January 2019 e-newsletter
Keep updated, informed and entertained with commentary on industry news, interesting lifestyle pieces, testimonials and engaging factual information in the areas we specialise in.
How much would you recommend putting away in a rainy day fund? Any tips for saving smarter and faster?
As much as we may try to predict the future, life always comes up with a way to throw us an unexpected curveball. Although you might not know what form your next unanticipated expense is going to take or how much it will cost, rest assured it's going to come at some point. With this in mind, a basis of a good financial plan is setting aside money for a rainy day fund.
As to how much to set aside, this will vary depending on your lifestyle, monthly costs, income, and dependents. Our general rule of thumb is to have access to at least 3 months’ worth of living expense inclusive of mortgage repayments or rent, with 6 month’s being the ideal number.
In regards to saving smarter and faster, the first port of call is having an intimate understanding of your living expense and how much you can realistically set aside. If you have a savings goal and timeframe in mind, its best to work backwards, and calculate what you will need to put aside to achieve it. Once you have set a realistic number, the easiest way to commit to a savings goal is to set up a regular direct debit shortly after your pay cycle into an account that is more difficult to access than an everyday bank account.
As to where to save, this is very much dependant on your savings objective. If it’s a short term saving goal, an interest bearing saving account is appropriate. However, if you have a longer term saving objective, consideration could be given to a low-cost diversified investment or even your superannuation fund. This will give your savings the best opportunity to compound and grow for your future benefit.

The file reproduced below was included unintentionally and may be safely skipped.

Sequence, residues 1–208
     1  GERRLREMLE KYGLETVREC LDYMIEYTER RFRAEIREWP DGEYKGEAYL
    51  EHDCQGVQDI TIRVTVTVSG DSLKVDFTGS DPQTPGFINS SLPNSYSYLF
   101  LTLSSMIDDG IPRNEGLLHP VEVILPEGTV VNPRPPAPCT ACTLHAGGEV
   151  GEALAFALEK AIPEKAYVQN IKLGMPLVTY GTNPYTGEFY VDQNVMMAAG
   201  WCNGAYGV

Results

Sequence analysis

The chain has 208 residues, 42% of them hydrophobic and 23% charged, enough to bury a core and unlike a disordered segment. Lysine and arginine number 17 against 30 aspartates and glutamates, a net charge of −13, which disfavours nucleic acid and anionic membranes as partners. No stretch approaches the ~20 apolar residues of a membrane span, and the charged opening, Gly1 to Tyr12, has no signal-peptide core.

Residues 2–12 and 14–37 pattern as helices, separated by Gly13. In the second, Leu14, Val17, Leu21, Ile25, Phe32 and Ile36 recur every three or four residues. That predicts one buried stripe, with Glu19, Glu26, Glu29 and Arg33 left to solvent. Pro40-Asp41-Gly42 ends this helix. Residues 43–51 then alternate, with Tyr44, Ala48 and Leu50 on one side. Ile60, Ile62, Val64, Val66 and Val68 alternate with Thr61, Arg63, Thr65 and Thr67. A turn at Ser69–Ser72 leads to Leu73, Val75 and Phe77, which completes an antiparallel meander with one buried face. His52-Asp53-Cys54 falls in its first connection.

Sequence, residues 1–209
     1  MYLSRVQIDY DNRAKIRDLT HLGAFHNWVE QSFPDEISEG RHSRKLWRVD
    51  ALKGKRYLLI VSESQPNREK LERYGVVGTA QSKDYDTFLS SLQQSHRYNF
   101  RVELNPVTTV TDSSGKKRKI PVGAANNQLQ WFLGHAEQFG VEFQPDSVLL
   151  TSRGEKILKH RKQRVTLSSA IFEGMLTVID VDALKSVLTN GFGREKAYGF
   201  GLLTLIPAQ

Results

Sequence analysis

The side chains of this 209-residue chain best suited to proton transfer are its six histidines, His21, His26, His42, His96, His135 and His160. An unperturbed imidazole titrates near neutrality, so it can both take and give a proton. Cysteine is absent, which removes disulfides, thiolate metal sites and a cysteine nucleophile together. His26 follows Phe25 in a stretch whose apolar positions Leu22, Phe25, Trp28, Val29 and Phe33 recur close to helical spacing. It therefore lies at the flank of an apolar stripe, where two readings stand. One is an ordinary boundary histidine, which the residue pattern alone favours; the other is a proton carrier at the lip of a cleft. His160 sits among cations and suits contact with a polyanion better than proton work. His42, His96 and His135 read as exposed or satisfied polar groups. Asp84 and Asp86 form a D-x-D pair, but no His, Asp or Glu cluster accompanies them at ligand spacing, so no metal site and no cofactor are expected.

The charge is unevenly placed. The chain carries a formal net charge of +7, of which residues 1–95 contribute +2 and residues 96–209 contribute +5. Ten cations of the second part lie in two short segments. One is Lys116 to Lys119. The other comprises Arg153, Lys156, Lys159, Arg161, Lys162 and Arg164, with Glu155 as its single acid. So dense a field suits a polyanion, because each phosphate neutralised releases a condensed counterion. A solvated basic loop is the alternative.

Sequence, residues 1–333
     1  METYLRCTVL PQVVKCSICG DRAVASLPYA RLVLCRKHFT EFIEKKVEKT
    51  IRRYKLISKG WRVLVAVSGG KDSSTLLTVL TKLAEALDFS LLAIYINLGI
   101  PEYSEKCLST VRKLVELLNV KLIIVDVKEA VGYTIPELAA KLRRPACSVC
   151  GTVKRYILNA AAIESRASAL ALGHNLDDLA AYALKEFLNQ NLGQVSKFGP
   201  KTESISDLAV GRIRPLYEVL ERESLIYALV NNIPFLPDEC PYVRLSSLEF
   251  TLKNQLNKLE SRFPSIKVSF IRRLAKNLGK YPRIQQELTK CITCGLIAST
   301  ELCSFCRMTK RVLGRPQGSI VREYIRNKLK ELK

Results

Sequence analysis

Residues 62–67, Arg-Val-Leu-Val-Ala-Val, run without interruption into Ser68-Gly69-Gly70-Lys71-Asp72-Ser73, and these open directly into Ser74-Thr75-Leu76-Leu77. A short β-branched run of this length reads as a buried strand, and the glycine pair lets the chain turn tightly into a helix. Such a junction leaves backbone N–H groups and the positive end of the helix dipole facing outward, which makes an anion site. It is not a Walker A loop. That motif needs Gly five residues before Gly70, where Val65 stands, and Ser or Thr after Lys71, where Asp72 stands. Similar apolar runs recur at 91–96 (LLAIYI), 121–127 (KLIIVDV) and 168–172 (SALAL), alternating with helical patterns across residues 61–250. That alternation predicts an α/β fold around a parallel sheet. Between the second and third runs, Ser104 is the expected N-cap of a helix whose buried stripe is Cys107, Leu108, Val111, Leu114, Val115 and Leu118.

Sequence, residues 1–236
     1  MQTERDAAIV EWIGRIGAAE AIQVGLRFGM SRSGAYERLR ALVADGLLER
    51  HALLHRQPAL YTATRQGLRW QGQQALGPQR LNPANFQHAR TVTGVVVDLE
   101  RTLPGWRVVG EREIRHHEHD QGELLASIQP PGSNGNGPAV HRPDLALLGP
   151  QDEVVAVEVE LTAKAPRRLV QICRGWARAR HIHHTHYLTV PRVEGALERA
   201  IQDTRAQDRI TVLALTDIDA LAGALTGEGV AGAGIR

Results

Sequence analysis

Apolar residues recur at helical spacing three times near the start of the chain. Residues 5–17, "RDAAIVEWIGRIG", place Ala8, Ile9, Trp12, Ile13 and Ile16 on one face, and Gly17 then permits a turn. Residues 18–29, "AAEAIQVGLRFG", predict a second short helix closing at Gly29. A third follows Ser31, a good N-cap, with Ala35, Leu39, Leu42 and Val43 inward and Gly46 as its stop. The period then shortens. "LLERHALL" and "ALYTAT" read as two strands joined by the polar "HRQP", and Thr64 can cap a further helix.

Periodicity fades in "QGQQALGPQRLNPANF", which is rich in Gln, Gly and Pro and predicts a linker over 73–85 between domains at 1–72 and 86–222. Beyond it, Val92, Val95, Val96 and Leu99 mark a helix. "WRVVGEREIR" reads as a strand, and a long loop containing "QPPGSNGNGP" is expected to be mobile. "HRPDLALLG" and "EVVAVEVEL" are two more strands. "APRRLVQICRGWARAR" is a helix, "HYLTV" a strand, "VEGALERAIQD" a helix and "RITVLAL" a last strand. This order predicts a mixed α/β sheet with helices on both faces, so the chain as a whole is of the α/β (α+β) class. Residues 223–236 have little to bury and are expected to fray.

Should I be contributing to my own super account? How do I ensure my super account is best suited to me and what should I look for in a super fund?
Even with a lot of change in the superannuation space it remains the most effective place to build long term savings. No matter our clients ages and stages in life we recommend they pay particular attention to their superannuation fund, because at the end of the day almost 10% of your hard earned income is being contributed into it! We recommend consideration be given to making contributions to bolster the balance and to ensure that it is set up and structured appropriately.
The Superannuation System is very complex and navigating the endless number of super funds on offer is very difficult. Some key elements to look out for when reviewing your fund is the fees they charge – both administratively and for investment management; the investment options available and the amount of risk you are taking on; the performance of your investment over a 5 year plus timeframe; and the insurance you hold (if any) and the premium charged. Your employer will more likely than not, give you choice of fund, which means you can choose any super provider on offer in the marketplace. They may, however, also have a default fund they recommend. Best to compare apples with apples and understand the benefit of joining an employer default fund before you consider moving.